The underground food storage space was planned from the start and included on the architectural drawing board. The house is semi-subterranean, with the kitchen on the lower level, so the food storage is accessed through a door straight from the kitchen. "The only fridge we have is a very small one in the kitchen itself, under the counter top, where we store milk and cheese," says Linda.
There are two spaces in the food store: an anteroom that keeps a temperature of about 12ºC, and an inner room at a colder 8-10ºC. "We placed our freezer in the anteroom. Because it's in such a cold environment, it doesn't have to work quite so hard to keep things cold, and so uses less energy," says Linda. "According to the manufacturer, it should consume an annual 211kWh, but we have measured it, and it only uses about 150kWh per year! And that is taking into consideration the fact that we use it every day, so open and close it a lot, which increases energy use."
In the slightly warmer room, the family keep wine, oil and dry goods. The inner room "is perfect for storing onions, potatoes, prosciutto and the preserves and jams we make during the autumn harvest season," says Linda. More is to come when the new greenhouse is finished and put into use in 2016.
"The shock freezer avoids the loss of crispiness in food because it's able to maintain the structure during the freezing process."
Inventions to try in the kitchen
If you have no earth to dig into, or are not planning a new-build property, appliances that use innovative techniques are worth looking at. A distant relative of the fridge and freezer, the shock freezer (or blast chiller) uses a much wider range of temperatures with superb precision. Massimo Caudullo, the managing director of Italian company Coldline, explains what a shock freezer is for. "It's not a fridge. This specific appliance deep-freezes cooked food or chills fresh food in an amazingly fast way. While a traditional one takes up to 12 hours to freeze food, a shock freezer works much faster, taking less than half an hour! "Because the air inside the appliance can go down to -40°C, it cools to -18°C so quickly. It also chills fresh foods at 4°C in a few minutes. The deep-frozen food can then be stored in a normal freezer, but it gains 70% of additional shelf life, maintaining a high quality."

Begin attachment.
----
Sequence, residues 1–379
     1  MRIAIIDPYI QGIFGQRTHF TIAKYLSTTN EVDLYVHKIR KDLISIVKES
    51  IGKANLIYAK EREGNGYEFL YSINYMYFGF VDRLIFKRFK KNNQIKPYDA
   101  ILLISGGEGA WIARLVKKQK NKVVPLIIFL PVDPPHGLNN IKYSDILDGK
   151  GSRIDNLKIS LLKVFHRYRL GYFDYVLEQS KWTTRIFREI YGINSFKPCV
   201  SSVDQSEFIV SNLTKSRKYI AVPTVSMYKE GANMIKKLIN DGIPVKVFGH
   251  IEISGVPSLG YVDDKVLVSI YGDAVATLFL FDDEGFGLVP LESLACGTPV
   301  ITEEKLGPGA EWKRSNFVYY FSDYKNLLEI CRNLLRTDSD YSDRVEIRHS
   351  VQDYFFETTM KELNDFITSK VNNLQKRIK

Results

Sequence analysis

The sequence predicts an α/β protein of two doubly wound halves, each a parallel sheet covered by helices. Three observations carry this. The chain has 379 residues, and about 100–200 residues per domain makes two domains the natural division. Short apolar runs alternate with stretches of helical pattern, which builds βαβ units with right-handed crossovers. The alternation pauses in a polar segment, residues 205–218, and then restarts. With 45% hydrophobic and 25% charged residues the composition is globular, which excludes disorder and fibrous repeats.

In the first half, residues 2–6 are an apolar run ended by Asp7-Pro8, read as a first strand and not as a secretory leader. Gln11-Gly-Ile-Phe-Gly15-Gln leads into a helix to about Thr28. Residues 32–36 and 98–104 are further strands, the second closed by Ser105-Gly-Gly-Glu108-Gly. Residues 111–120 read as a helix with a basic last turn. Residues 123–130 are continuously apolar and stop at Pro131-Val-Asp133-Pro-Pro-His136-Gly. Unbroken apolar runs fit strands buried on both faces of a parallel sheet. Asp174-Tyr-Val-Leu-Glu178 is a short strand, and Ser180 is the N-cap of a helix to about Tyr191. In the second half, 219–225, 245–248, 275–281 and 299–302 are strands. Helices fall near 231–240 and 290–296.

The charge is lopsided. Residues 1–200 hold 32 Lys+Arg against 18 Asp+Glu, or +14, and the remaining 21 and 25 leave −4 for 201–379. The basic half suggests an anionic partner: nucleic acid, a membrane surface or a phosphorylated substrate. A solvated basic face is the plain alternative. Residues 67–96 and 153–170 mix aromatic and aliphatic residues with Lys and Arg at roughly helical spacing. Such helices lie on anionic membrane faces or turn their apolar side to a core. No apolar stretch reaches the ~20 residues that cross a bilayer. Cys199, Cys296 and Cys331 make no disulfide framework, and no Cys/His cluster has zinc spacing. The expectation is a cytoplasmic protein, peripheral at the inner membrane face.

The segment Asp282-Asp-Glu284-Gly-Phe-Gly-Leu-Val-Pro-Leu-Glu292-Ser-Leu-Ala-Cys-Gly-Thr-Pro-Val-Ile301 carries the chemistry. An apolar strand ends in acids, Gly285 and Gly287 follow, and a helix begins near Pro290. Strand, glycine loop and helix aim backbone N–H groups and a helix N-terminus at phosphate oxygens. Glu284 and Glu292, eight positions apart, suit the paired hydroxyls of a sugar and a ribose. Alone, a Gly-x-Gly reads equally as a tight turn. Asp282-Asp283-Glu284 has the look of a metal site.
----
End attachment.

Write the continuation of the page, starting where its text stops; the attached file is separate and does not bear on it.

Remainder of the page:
The shock freezer also helps to prove bread dough, make homemade yogurts, chill wine bottles quickly… Anything that needs to go up or down in temperature. To meet such a challenge, the appliance uses R290 gas, a refrigerant-grade propane that has a low environmental impact. It's non-toxic with zero ODP (Ozone Depletion Potential) and a very low Global Warming Potential (GWP) of 3.8 – a normal fridge usually has around a 10 GWP.
The technology has been used by pros, such as restaurants and hotels, for years, but is now available for home use. "It radically changes the food experience," says Robert Eckstein, a senior consultant for PCV Group in The Netherlands, dedicated to new product development. "The shock freezer avoids the loss of crispiness in food because it's able to maintain the structure during the freezing process." Increasingly desired by customers for its higher sensorial food experience and better food safety, the shock freezer has just been made for domestic use. The challenge was mainly to deal with the size and to fit it in a normal kitchen, like a microwave.
Same old fridge, but in new cool ways